President Bush is out of step with the leadership of the American religious community in his rush to war with Iraq.

Despite having made faith-based initiatives a key component to his domestic policy and being the most overtly religious president in over 20 years, Bush appears deaf to the multiplying voices of wisdom within the Christian community.

Most recently, the National Council of Churches began airing TV ads in which Methodist Bishop Melvin G. Talbert says the pending war against Iraq “violates God’s law.”

Forty-six Protestant and Orthodox leaders signed a letter asking to meet with President Bush to express their continued “uneasiness about the moral justification for war on Iraq.”

These leaders, including representatives of the Episcopal Church, Presbyterian Church (USA), Christian Church (Disciples of Christ) and Evangelical Lutheran Church in America, said war was a moral matter of the highest order, not only a military matter.

Among the signers were 20 bishops of the United Methodist Church, the denomination to which Bush belongs.
But opposition to the war extends beyond the mainline Protestant churches.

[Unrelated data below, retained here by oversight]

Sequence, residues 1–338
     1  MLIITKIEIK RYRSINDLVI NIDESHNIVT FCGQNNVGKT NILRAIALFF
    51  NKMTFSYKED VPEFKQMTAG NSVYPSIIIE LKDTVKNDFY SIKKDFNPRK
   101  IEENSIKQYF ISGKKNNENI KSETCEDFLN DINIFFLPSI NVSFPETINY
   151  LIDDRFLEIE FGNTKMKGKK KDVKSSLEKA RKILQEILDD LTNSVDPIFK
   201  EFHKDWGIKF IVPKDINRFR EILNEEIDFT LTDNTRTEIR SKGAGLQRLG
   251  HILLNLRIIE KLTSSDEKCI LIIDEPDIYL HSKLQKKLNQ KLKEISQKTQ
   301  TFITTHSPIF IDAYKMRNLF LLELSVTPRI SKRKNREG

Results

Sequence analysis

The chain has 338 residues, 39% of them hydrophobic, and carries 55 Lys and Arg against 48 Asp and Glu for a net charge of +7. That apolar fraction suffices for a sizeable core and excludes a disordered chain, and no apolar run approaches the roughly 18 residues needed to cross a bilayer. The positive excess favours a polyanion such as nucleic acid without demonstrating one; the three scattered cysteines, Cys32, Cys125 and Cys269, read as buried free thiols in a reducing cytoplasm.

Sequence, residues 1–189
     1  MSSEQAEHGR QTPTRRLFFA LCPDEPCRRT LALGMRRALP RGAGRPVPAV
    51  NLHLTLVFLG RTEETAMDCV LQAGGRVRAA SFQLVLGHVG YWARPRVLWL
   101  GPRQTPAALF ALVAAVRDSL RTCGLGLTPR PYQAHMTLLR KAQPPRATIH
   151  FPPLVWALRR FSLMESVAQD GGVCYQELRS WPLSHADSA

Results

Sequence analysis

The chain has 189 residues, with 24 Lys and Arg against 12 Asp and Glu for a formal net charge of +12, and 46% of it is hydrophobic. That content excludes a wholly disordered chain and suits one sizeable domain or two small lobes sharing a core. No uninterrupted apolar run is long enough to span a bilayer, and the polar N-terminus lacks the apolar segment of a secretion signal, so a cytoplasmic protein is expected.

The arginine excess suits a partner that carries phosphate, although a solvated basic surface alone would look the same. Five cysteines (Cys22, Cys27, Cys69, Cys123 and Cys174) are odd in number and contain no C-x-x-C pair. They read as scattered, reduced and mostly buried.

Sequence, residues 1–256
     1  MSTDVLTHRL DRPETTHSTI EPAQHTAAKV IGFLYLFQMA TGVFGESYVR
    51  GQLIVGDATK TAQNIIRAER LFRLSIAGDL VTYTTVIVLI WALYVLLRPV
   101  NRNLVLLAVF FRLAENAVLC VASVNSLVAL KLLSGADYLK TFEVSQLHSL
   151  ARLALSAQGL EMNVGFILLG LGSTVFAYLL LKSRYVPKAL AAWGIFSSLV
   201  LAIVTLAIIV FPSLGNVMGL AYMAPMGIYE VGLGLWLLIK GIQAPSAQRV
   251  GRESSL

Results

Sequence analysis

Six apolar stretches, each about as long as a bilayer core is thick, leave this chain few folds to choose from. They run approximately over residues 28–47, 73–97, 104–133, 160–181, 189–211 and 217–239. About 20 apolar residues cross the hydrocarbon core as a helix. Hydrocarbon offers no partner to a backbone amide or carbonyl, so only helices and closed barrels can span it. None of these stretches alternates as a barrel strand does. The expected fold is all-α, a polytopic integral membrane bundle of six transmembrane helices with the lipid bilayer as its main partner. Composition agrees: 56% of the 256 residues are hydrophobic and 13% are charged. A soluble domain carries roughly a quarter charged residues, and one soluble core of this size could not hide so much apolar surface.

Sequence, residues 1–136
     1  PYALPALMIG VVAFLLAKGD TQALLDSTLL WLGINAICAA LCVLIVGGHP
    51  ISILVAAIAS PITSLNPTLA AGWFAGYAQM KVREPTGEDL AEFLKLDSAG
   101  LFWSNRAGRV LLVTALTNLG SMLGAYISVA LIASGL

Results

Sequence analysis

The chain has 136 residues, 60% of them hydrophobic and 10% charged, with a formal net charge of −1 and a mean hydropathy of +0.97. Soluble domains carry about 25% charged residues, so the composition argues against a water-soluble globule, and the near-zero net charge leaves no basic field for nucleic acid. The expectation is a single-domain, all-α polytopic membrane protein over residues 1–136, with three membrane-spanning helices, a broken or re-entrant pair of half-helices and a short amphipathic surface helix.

Roman Catholic Cardinal Edward Egan of New York said in a Vatican teleconference that “the truth of the danger must be established beyond any doubt” before the United States goes to war.

“We continue to find it difficult to justify the resort to war against Iraq,” said the U.S. Conference of Catholic Bishops in their November meeting.

The bishops said, “We fear that resort to war, under present circumstances and in light of current public information, would not meet the strict conditions in Catholic teaching for overriding the strong presumption against the use of military force.”

Leading conservative evangelicals are reticent about war.

The board of the National Association of Evangelicals, which represents 51 denominations, refused to take a public stand in favor of war. The board rejected a staff-drafted statement that endorsed Bush’s position.

The president of the country’s largest evangelical seminary encouraged evangelicals to consider whether war with Iraq would pass just war theory.

“We must confess that we fail to see the rush to war as a rational expression of the compassionate conservatism that you promised to the county,” said the bishops of the conservative Church of God in Christ in a letter to Bush.

Even Southern Baptist voices oppose the rush to war. The editor of the Baptist newspaper with the largest circulation wrote, “Guns of war should remain silent until the Bush administration demonstrates that an assault on Iraq would measure up to the five principles of just war theory.”

Some of the usually vocal Christian fundamentalists have been mute, perhaps reflecting their emerging understanding of what might happen to their missionaries in the event of war.

What does it say to Bush that the leadership of the Christian community doubts the moral justification for this war? And why can’t he hear?

Robert M. Parham is executive director of the Baptist Center for Ethics.

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